A new home is one of the biggest purchases you will ever make.
As a first-time homebuyer, there are plenty of things to consider, from making the right offer to choosing the right loan product. Trying to digest everything can get frustrating. However, it is not a stretch to say that the loan you accept today will have an impact on your finances for years to come.
Over 40% of all first-time homebuyer purchases are done with a federal housing administration (FHA) loan. These government back loans feature reduced payment options as well as lower credit score guidelines. As great as these programs are, they are not for every buyer. Like any other loan product, there are distinct pros and cons that must be considered. Here are the pros and cons of an FHA mortgage:
Reduced Payment.The first benefit of an FHA mortgage is the reduced down payment guidelines. With an FHA mortgage, you only need 3.5% of the purchase price. The funds can come from your personal assets or can be a gift from an approved source, including certain family members. Some lenders have started reducing their down payment requirement to 3%, but with those, the entire down payment plus closing costs must come from your own account.
Low Interest Rates.The interest rates for an FHA loan are on average a half point lower than conventional rates. This can vary based on the specific borrower, but in most cases FHA rates are significantly lower. This has a direct impact on the total monthly payment and can help get the monthly payment in your comfort zone.
Approval Guidelines.There are a handful of significant approval guidelines that make FHA loans attractive. For starters, the minimum credit score can be as low as 620 depending on the specific lender. Additionally, there are increased debt to income limits. With a conventional mortgage, you may be capped at a 45% debt to income, whereas an FHA loan can go as high as 50%, and in some cases even higher. Finally, the reserve requirement is reduced. An FHA buyer doesn’t need to have months of mortgage payment reserves on a single-family purchase.
Private Mortgage Insurance (PMI).On any loan where a buyer puts less than 20% down payment, they are required to pay a monthly PMI payment to the lender. This is used as a hedge against default on the loan. The difference with an FHA loan is that the PMI is for the duration of the payments. On a conventional loan, there is the ability to wipe this away once you have 20% equity. With an FHA loan, you make this payment if you have the loan regardless of the equity. This is by far the biggest downside of an FHA loan.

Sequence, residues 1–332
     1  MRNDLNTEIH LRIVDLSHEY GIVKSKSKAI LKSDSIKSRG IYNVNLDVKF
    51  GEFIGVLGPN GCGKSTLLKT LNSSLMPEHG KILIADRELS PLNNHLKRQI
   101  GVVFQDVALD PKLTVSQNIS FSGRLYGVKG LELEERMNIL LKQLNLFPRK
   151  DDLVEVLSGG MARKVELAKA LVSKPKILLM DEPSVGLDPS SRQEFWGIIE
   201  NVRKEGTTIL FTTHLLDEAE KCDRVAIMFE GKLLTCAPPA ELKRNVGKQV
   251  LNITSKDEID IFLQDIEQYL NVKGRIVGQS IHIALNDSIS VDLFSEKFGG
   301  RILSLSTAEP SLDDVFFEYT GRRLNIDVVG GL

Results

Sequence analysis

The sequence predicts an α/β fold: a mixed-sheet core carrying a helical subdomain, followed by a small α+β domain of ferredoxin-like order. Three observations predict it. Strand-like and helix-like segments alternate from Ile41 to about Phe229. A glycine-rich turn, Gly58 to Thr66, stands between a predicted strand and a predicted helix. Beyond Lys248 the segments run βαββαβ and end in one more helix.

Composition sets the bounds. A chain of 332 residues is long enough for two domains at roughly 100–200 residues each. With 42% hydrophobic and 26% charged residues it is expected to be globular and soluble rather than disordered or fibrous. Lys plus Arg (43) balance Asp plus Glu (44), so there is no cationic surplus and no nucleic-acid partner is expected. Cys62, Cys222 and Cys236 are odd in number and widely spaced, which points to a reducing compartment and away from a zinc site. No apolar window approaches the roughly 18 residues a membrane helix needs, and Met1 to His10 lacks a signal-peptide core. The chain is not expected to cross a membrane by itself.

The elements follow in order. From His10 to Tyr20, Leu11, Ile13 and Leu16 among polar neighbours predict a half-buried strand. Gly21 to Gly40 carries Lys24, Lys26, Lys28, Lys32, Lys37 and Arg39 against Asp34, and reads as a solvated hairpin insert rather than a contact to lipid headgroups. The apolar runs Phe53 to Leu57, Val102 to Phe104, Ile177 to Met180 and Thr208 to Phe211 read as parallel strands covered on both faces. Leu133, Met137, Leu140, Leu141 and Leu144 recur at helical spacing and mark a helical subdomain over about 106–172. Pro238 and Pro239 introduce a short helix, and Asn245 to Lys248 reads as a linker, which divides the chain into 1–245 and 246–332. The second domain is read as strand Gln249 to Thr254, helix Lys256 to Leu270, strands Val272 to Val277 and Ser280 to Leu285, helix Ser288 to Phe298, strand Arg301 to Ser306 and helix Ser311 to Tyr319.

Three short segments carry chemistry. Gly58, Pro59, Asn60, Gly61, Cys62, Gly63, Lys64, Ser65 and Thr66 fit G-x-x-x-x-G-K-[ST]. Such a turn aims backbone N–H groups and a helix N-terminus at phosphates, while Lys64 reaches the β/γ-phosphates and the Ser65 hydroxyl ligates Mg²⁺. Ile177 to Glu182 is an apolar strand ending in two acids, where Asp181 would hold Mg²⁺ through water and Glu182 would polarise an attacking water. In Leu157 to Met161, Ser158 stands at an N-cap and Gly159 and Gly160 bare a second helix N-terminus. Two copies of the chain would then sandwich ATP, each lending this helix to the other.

Condition Restrictions.Not every property will be approved for an FHA loan. There are a handful of guidelines regarding the condition that must be met. FHA requires hand railings on all entry ways, no chipped paint of any kind inside the house, and heating system minimum, just to name a few. Many sellers are hesitant working with FHA buyers because they know the appraisal will be heavily scrutinized.
Loan Limits.Not every buyer will get approved for an FHA loan. There are several restrictions on the allowable loan size. This number is based entirely on the zip code and can vary. It can be go from as low as $270,000 to as high as $625,000 in some areas.
Choosing an FHA loan comes down to your available down payment amount, the source of the down payment, and where you want your monthly payment. If you can afford the extra .5% down, a conventional mortgage makes more sense given the ability to eliminate the PMI down the road. If your capital is minimal and you need help getting into the property, an FHA can be your best, and only, way in. There is nothing wrong with either option, and it all depends on what appeals most to you.